My rating: 4 of 5 stars

I’ve been excited about reading this since I read the first book, Hunger Makes the Wolf, so it’s safe to say I had very high expectations for it!

Well, I wasn’t disappointed and I think I enjoyed this even more than the first book. It has so many good things about it I almost don’t know where to start my review!

Hob has to be my favourite thing about the book. Her badass attitude and her witchy fire powers make her fun to read. Her ability to admit her own faults (especially her lack of education and emotional intelligence) and know where she is out of her depth and her confidence in leading and speaking out when she knows she is right makes her one of the most compelling female characters I’ve read.

I also love the genuine friendship between Hob and Mags. It’s refreshing to see a female friendship like this in a book and it’s nice that the author has just let it be and not added any strain or mistrust into it. It’s also nice that it’s not all one-sided as seems to be the case in a lot of books, where one character exists just to help and support the other. Mags and Hobs have a mutual respect / support relationship where they help and look out for each other.

Mags brings a serious side to the book, leading the workers fight against a company that thinks it owns them and is risking their lives to mine for the amirite. It balances out Hobs fun and all-out action and makes a story that has real depth and meaning to it.

The writing style is plain and simple and it really suits the style of the wild-west influenced setting. It’s easy to read and easy to visualise and insanely readable, I was excited to get home each evening so I could sit down and start reading.

I think after the awesome buildup the ending let it down a little bit. I felt like a lot happened off page that I wanted to see. I wanted to know more about the world and the amirite and what’s at the centre and it was a bit lacking in answers to that. But like I said I had very high expectations and this is the only fault I can find with the whole thing.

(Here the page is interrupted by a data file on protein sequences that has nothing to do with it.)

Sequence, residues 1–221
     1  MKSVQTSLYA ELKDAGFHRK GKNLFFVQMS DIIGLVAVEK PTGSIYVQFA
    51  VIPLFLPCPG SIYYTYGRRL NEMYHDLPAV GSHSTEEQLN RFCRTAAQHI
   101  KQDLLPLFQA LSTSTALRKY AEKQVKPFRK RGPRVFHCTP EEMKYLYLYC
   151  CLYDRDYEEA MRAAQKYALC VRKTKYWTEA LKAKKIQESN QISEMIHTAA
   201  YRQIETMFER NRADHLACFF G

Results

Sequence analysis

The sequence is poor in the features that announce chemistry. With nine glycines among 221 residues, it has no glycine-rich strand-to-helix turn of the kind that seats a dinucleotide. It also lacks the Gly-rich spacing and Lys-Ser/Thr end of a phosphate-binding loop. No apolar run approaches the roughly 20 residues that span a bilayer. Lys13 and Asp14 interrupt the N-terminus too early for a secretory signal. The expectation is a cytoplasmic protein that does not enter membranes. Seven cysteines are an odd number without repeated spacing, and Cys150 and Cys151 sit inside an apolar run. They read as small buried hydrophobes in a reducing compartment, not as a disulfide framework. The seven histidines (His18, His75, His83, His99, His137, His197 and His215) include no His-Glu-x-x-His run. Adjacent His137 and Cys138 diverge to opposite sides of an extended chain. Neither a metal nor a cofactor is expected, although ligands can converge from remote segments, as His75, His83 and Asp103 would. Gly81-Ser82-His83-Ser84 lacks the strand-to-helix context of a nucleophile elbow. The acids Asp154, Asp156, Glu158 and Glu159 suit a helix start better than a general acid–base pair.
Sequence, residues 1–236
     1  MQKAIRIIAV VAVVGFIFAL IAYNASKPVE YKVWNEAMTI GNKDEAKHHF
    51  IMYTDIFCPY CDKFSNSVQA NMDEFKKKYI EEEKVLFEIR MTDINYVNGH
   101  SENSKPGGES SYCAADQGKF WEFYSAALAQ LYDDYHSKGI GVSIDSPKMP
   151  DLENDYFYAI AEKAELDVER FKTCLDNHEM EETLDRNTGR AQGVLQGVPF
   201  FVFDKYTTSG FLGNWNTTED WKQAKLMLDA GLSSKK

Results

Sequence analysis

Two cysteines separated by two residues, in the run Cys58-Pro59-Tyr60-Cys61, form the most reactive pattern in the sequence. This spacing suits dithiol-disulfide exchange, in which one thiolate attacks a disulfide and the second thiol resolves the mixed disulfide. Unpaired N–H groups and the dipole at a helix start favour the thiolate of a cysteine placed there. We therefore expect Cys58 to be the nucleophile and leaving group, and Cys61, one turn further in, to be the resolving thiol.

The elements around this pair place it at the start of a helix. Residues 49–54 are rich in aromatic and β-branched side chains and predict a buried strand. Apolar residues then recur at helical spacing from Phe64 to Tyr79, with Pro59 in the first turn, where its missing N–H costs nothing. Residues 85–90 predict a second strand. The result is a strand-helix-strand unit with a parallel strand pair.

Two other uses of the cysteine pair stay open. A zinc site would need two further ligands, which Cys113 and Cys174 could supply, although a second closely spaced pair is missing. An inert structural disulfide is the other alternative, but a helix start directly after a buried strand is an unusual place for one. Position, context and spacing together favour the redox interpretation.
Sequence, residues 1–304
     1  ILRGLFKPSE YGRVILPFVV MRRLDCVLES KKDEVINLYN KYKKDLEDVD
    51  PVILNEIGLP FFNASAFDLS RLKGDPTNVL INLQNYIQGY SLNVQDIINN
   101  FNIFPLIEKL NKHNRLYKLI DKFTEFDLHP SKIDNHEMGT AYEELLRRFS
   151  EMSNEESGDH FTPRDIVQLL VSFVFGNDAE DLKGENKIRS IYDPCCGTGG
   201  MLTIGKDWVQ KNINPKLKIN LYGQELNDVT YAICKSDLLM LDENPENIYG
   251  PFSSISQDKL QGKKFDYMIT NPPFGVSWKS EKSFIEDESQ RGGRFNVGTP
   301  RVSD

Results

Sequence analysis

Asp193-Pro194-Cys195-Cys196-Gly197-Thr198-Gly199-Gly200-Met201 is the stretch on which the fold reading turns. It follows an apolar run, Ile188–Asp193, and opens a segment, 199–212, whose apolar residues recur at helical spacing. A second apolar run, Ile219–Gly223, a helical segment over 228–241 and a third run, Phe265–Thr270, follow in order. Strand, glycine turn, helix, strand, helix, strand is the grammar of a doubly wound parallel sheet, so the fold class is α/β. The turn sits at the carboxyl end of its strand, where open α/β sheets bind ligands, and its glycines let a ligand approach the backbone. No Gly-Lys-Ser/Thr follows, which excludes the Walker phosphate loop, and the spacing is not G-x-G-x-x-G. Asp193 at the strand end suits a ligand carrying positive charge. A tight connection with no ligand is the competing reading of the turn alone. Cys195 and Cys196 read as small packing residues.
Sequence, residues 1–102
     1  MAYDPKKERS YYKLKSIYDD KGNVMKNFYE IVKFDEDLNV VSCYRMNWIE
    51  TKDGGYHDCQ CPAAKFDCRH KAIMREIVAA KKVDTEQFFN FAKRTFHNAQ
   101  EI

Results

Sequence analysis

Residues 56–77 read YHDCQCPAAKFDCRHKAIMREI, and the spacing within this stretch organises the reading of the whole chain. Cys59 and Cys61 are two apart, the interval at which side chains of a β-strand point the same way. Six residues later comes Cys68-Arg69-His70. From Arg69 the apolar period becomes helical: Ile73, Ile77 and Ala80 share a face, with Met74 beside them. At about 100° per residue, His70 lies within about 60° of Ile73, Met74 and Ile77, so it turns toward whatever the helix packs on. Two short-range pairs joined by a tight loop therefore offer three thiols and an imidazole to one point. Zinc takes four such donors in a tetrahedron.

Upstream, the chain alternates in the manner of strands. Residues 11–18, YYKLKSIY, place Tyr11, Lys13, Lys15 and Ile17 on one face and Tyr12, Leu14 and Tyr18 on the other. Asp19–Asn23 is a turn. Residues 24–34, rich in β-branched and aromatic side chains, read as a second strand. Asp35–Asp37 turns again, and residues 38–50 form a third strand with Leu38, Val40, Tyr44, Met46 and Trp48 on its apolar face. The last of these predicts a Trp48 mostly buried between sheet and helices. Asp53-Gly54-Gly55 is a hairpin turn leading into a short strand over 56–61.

At the risk of sounding like I’m gushing, I properly loved this book! I’m hoping there will be another book in the series to pick up some of the loose ends, and because I’m simply not ready to be done with this world and these characters yet.

Blood Binds the Pack will take you on a high-octane ride across the sands of Tanegawa’s World with Hob’s misfit band of mercenaries. It’s a lot of fun to read and stands out as something a bit different. Recommended to anyone that likes sci-fi based future fun and action.

Blood Binds the Pack
Hob
Alex Wells
Sci-Fi
February 6th 2018
Kindle

Hunger Makes the Wolf (Hob #1) by Alex Wells

Hunger Makes the Wolf cover

The strange planet known as Tanegawa’s World is owned by TransRifts Inc, the company with the absolute monopoly on interstellar travel. Hob landed there ten years ago, a penniless orphan left behind by a rift ship. She was taken in by Nick Ravani and quickly became a member of his mercenary biker troop, the Ghost Wolves.

Ten years later, she discovers the body of Nick’s brother out in the dunes. Worse, his daughter is missing, taken by shady beings called the Weathermen. But there are greater mysteries to be discovered – both about Hob and the strange planet she calls home.

Hunger Makes the Wolf (Hob #1)Hunger Makes the Wolf by Alex Wells
My rating: 4 of 5 stars

Hunger Makes the Wolf surprised me with how good it was. I think I was expecting a fun, quick space adventure read, but this story is so much more than that.

There is magic (space witches!), a rebellion of mistreated workers against the company that controls the planet, a woman learning to be a leader, and I think there are hints of a possible romance?

The main character, Hob Ravani, is a member of a gang of mercenaries who roam around their desert planet on motorcycles. They do odd jobs for money while trying to stay clear of TransRift, the company that controls the planet and the lives of the miners and the farmers. Hob has magic, a “witchyness” that means she can create fire, but she hasn’t learnt much about it beyond basic tricks like lighting cigarettes. Witchyness is feared on Tanegawa’s World so she has to keep it hidden.

There’s a lot going on, but it’s managed well. It starts out fast-paced, we’re dropped into the middle of the action at the start and things are slowly revealed as the story progresses. Around the middle, the pacing slows down where the rebellion is growing and Hob is learning how to be a leader, but it picks up again as it moves towards the action-packed ending.

There’s plenty of character development, especially for Hob and her foster sister Mags. Hob isn’t perfect, she makes mistakes and gets things wrong but still keeps trying to do the right thing and protect her family at the same time.

I loved the witchy elements, the Bone Collector, a sort of wise and mysterious mage, was one of my favourite characters in it.